Being in hospital made me vulnerable, scared, lonely and in need of human contact and care. As with bereavement it seemed like that some close friends avoided contact and some not so close made a big effort to write to me and visit. I remember acutely which of my friends and acquaintances contacted or visited me. As Ross says, “And, sadly, some people who I thought would have been in touch have remained stubbornly silent” (2014: 24).

It’s 9pm
And I’m wide awake
And the nurses don’t need me
I need them
But they are far away
It takes an eternity for them to
Respond to my buzzer
Or so it seems
And it’s soon over
And they vanish into the dark again
Or so it seems
It’s easier if you have
Simple physical doable needs
Or so it seems
Feeling lonely and
Needing a bit of company
Is different
Or so it seems.

Hospitals get lonely especially when staff are overly busy and the visiting hours are over. It’s a long night too. After a few days I learnt to manoeuvre myself unaided from bed to beside chair. This was a real breakthrough. From this chair I could look out of the window over the hospital car park but also see the sky. I was able to see sunrises and sunsets and the phases of the moon and thus a connection with nature that is important to me and drew me out of the limitations of the hospital ward I was in.

The patient with no name

Please don’t see me as disabled,
Look beyond these signs of my frailty.
Even if my mind is broken
Look for my soul and spirit.
Be in the moment with me
if you can.

So I am out of hospital and using a crutch to get about and feeling very vulnerable especially among crowds. Some people notice me and are helpful others seem to ignore me. A few days back at work and I am at a meeting a Chester University. My colleague has dropped me off near the café and has driven off to park his car. I queue up and buy my cappuccino and sandwich. A woman behind the counter notices my plight and picks up my tray and carries it over to a suitable and comfortable table. I feel pathetically grateful. I get on the tram on the way home and it is busy and no-one offers me a seat. I cling to rail with my broken arm and wish I was not so English and polite. I feel that becoming (hopefully) temporarily physically disabled has given me insight into the world of the disabled. I desperately wanted people to notice that I had a crutch but to also see beyond it. I am now more aware of people with physical disabilities and especially aware of others with crutches and walking sticks and wonder what their stories are. I notice that some people have temporary NHS crutches like mine.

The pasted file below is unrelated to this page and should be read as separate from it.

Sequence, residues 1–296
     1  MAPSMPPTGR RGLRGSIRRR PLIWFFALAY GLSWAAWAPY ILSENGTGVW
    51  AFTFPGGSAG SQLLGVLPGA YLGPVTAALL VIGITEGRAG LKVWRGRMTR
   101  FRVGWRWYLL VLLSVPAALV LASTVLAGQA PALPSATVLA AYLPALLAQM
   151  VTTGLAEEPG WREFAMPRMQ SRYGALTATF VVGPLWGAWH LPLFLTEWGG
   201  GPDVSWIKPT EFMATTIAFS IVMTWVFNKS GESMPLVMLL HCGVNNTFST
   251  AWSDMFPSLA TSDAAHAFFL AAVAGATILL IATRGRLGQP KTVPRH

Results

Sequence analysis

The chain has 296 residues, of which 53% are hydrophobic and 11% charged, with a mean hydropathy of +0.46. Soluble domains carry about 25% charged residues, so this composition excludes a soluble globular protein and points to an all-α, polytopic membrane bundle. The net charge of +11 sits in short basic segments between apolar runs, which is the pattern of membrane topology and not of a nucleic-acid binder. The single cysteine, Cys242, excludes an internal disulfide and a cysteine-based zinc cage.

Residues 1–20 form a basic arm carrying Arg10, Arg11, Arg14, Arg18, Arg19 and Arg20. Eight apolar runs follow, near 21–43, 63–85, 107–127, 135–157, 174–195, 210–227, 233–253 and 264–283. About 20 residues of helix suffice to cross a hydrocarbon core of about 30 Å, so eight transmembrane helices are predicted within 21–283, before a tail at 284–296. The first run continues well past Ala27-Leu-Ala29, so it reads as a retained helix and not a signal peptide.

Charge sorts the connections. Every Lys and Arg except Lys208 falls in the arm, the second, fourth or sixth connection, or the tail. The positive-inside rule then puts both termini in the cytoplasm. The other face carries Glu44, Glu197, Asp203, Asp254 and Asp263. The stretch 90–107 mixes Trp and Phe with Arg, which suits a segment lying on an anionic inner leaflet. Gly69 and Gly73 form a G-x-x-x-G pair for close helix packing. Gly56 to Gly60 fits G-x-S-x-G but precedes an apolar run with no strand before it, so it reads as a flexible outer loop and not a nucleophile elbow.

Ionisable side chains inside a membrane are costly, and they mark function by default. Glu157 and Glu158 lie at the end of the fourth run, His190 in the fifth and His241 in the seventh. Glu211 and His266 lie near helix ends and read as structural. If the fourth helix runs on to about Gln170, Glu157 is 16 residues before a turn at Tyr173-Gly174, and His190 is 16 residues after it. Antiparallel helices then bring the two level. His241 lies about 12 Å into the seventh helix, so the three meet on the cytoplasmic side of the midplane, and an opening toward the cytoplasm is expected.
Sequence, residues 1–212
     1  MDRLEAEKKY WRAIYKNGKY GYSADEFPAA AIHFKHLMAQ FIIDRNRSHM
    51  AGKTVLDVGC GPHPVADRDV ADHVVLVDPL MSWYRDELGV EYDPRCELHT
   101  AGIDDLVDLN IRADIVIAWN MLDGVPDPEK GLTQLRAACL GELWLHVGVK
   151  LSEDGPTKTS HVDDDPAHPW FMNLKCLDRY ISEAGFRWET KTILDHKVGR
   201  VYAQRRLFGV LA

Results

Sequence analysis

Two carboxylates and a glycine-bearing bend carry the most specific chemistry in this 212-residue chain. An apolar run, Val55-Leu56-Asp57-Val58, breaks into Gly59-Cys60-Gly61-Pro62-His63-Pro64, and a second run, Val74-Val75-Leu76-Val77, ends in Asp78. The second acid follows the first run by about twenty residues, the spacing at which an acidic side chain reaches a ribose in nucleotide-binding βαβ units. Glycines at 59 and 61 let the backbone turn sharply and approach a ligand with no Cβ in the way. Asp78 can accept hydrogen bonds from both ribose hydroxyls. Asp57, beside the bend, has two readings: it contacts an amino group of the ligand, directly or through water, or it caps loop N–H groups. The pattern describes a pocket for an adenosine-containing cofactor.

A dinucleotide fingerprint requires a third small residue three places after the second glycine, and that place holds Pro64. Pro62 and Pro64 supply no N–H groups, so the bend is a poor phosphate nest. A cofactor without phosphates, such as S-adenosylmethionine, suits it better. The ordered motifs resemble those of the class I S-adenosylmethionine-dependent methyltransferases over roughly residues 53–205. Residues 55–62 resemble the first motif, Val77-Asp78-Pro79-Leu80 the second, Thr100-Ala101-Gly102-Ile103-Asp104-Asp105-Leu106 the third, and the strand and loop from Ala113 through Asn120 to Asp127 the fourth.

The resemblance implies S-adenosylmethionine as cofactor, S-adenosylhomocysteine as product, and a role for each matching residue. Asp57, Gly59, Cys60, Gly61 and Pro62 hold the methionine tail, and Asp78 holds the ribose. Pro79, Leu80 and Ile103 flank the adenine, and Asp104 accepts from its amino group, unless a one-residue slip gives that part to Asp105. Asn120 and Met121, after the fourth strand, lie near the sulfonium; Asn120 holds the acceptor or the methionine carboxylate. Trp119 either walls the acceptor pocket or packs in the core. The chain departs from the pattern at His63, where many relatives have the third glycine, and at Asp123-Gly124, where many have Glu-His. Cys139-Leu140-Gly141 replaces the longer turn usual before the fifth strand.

What does it mean?

According to Kleinman et al., modern physicians ‘diagnose and treat diseases (abnormalities in the structure and function of body organs and systems), whereas patients suffer illnesses (experiences of this value changes in states of being and social function: the human experience of sickness).’(1978: 251). So from a patient point of view it is not merely how our bodies and their diseases are dealt with it is also how we are treated as people who are suffering.